Last year, we launched a national STEM outreach programme aimed at inspiring 7-10 year olds to get involved in engineering. To mark 500 years since Leonardo da Vinci’s death, we’re asking: has the smartphone killed invention? To find out, we invited primary school children across the UK to invent their way to an unbreakable world record for the number of people playing the same piano. Da Vinci was a renowned inventor, engineer and artist. He even invented his own musical instrument, the Viola Organista.
In an ever-more digital world, can we still invent and make something physical and unexpected? Can we fuse engineering and art? The world-record currently stands at 19 people playing the same piano, but if we could invent mechanical finger-extenders, we could have one person on each note: 88 Pianists!
We invited Key Stage 2 children from across the whole of the UK to design these mechanical fingers. Hearing about about da Vinci and other inventors, and learning how a piano works, the children created 2300 designs. In January 2019, our engineering teams gathered in Cambridge to choose the 88 winning designs. The children are now working together with our Engineering Teams to build them into real life mechanical extendable fingers. In August, they will bring the fingers to Birmingham, teach young West Midlands piano students how to use them, and watch as Julian Lloyd Webber conducts a newly commissioned piece to break the world record on 19 August 2019.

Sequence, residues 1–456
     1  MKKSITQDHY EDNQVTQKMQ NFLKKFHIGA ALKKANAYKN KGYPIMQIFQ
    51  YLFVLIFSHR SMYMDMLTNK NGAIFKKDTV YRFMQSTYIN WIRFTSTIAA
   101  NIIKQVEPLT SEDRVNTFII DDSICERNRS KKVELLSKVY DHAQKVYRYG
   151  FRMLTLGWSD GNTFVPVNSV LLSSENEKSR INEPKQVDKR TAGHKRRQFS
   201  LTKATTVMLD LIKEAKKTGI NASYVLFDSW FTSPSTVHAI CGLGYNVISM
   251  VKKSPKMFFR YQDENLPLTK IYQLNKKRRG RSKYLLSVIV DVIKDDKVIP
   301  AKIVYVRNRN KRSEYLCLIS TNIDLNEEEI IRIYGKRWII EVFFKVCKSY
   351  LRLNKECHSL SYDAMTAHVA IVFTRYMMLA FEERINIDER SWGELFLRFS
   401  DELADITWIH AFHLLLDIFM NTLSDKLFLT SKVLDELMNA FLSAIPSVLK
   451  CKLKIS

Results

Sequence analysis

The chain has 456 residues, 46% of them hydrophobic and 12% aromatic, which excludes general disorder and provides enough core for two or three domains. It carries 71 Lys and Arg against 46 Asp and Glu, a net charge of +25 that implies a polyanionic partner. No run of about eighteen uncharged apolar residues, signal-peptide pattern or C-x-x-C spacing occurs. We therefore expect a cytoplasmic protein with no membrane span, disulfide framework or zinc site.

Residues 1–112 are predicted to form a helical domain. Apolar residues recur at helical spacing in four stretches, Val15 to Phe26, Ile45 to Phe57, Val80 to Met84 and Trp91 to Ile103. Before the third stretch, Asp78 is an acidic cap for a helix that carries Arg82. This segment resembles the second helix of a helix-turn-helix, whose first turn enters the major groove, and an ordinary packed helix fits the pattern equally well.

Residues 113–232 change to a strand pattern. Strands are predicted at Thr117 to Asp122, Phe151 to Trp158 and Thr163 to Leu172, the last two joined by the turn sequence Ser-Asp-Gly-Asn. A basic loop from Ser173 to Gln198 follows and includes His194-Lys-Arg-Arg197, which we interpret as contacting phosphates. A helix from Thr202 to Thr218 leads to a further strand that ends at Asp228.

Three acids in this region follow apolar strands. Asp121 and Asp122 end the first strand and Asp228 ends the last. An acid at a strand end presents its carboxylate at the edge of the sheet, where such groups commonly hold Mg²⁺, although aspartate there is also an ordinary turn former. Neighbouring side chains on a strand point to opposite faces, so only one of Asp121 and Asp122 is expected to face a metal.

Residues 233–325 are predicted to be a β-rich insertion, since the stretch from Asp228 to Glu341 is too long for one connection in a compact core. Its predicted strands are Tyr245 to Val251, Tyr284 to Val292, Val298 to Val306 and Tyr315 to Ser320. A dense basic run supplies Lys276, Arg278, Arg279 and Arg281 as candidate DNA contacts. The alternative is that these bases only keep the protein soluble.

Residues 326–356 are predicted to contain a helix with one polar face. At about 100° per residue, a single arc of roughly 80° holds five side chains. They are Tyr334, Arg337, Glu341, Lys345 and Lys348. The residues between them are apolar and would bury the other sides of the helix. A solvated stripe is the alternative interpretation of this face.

88 Pianists was created by Professor Julian Allwood at the University of Cambridge Department of Engineering, in collaboration with engineering academics from universities across the UK.